Up until the last minute the flowers looked very conservative and a bit boring. I knew the topic deserved something powerful but what I had wasn’t cutting it. I had 10 minutes left before it was to go to print and I was stressing out. At the last minute I threw down some thick messy brush strokes over the flower petals and pulled all the green and blue out of the image using Photoshop. Totally just stabbing in the dark looking for a way to push it to the next level. My son was 4 at the time and he was tugging on my arm begging me to play with him as I was doing this. It was a bit comical how frenzied the situation was. I think it came out beautifully though. It doesn’t seem like a big deal now, but at the time I think I stepped up my game with that particular piece.
My favorite assignments are stories that deal with anxiety, disillusion, heartache, the human condition etc. It can be depressing for sure, but it’s also very cathartic.
You recently moved from Brooklyn, NY back to the West Coast, has that affected your work practices at all?
Living in NYC was an amazing experience, and I hope I never forget it. The buzz and energy people refer to about that city is real and tangible, but it’s also exhausting. It felt like I was always on edge, and I had a hard time relaxing.
We loved it there; for the culture and energy, but at the end of the day we knew it wasn’t a good fit long term. We moved back to the Pacific Northwest when I graduated SVA, and now reside in Bellingham Washington, which is an hour and a half north of Seattle. It’s a much smaller town, lot’s of trees and mountains and lakes, and it’s way slower paced. I didn’t realize what an impact NYC was having on my psyche until we got out into the woods and started breathing fresh air again, but I’ve had much more energy for personal projects. I wrote 2 children’s books in the 6 months we lived here and started painting traditionally in my free time. These are projects I had been meaning to make time for but never had the energy until we moved out here. I think being among the trees and water has helped me relax and I’m not using as much energy just to get through the day like I was in NYC. The trade off is that it’s rather isolating, and I miss getting to hang out with other illustrators.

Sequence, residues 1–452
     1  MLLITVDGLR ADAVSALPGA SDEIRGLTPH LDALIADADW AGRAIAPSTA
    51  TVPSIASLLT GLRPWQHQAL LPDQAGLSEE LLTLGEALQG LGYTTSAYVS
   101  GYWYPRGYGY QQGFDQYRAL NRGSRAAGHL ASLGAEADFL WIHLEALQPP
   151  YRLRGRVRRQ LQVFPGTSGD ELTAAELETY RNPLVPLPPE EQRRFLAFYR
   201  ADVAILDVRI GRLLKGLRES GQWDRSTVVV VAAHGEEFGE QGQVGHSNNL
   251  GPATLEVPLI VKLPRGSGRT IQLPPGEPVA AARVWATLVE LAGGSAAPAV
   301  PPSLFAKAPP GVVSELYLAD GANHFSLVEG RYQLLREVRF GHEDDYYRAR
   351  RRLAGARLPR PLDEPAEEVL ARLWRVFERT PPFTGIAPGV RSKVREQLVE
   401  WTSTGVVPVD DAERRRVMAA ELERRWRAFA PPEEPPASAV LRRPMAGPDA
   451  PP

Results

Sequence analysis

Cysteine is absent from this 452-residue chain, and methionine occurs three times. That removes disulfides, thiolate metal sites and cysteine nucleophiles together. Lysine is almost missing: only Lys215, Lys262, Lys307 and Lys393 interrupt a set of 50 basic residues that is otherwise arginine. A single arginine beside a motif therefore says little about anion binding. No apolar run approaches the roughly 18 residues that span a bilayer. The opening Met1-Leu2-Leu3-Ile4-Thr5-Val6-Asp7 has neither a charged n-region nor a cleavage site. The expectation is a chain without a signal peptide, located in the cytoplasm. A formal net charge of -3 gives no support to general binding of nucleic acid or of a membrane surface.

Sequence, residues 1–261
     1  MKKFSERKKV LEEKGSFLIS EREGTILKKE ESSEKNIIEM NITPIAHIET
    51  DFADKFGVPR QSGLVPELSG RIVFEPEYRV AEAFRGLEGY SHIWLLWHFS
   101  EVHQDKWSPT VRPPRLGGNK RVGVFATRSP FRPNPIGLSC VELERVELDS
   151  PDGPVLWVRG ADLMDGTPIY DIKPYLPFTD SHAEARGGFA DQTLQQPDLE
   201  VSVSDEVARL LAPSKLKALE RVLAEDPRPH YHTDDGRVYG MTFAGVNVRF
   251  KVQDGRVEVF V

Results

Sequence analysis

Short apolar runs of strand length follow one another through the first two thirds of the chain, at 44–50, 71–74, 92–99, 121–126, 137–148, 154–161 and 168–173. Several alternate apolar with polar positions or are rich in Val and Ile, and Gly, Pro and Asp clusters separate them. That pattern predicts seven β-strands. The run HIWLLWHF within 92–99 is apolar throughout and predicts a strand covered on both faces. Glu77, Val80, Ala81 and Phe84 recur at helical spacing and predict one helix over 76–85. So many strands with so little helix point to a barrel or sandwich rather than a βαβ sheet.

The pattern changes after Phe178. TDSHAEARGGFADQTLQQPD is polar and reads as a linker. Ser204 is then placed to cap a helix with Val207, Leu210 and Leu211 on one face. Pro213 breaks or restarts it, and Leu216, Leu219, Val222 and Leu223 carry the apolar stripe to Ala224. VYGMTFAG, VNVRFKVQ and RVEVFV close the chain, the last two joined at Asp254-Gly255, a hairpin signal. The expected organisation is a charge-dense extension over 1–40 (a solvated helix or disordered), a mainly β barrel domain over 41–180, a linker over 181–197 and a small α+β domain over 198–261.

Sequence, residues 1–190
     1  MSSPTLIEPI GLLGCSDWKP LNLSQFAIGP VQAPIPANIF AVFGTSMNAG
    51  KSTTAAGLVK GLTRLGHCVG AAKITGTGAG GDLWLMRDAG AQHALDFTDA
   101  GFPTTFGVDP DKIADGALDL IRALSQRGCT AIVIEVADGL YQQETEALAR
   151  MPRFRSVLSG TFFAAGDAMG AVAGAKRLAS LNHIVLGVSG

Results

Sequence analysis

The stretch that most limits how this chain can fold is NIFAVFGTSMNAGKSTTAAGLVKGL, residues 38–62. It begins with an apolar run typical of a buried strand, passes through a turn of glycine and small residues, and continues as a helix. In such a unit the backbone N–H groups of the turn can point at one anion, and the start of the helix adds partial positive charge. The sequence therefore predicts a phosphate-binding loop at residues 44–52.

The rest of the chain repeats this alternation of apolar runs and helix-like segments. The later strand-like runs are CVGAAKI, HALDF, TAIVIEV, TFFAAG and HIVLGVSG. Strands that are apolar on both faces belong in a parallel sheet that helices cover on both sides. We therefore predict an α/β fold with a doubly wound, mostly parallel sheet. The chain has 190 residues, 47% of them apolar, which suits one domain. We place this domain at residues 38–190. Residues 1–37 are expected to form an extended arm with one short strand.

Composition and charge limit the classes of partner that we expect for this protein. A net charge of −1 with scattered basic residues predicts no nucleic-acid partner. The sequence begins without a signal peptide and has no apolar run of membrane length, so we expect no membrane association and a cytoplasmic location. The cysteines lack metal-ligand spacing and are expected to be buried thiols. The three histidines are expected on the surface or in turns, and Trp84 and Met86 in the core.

Describe your home studio space – where do you create your artwork?
I use a tiny spare bedroom in our house. It’s the smallest room but has the nicest view. Our house is on a bit of a cliff and I get to look over tree-tops and small mountains in the distance. I’m looking at a bald eagle as I type this so you know… I have no complaints.
We read that you used to be in a band – tell us more about that!